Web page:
SEATTLE Scientists at Fred Hutchinson Cancer Research Center have been awarded 60 research grants totaling nearly $40.4 million under the American Recovery & Reinvestment Act of 2009. The totals reflect data available as of Oct. 1 and reported by the National Institutes of Health.
The individual projects range in amount from $4.8 million to $33,596 and benefit every level of researcher at the Hutchinson Center, from well-established principal investigators to predoctoral graduate students.
"It's a testament to the quality of the science we do and to the scientists who conduct our research that the Hutchinson Center was so successful in obtaining this level of stimulus funding," said Lee Hartwell, Ph.D., Center president and director.
One of the key goals of the Recovery Act is job retention and job creation.
"We estimate that for every $100,000 in grant funding that the Center receives, 2.3 jobs are retained or created internally and in the community by our suppliers. This means that the stimulus funds we received will retain and create about 920 jobs," Hartwell said.
The multiplier effect is backed by the National Institutes of Health and the Hutchinson Center's own economic impact studies.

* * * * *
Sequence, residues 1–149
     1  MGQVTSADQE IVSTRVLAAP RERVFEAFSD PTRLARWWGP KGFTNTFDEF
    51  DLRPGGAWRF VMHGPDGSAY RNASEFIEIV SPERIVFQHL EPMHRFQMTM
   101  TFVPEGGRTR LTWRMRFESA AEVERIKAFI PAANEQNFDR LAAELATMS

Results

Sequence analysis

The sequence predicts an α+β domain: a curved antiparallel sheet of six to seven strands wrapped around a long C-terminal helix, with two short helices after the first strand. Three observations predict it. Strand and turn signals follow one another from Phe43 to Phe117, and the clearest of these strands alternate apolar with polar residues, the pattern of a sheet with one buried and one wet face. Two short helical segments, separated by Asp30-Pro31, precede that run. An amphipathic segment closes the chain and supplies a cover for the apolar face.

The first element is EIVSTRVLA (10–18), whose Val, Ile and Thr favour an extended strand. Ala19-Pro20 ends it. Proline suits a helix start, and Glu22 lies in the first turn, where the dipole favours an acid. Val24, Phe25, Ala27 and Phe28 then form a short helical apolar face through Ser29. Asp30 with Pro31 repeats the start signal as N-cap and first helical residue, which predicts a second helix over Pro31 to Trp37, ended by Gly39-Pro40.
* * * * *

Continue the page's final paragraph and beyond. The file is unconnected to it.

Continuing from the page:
A wide range of scientific subjects is covered by the grants, including developing assays to measure proteins expressed in cancer, cancer economics and cord blood transplantation.
Among Center faculty, Amanda Paulovich, M.D., Ph.D., an associate member of the Clinical Research Division, was awarded the single largest stimulus grant at $4.8 million. Paulovich is an expert in cancer proteomics, and her project is a pilot study to assess the feasibility and scalability of a human proteome detection and measurement project.
"The lack of sensitive, specific assays that can measure multiple proteins at the same time in a single sample is a major technical barrier that impedes progress in the biomedical science
|Contact: Kristen Woodward|
Fred Hutchinson Cancer Research Center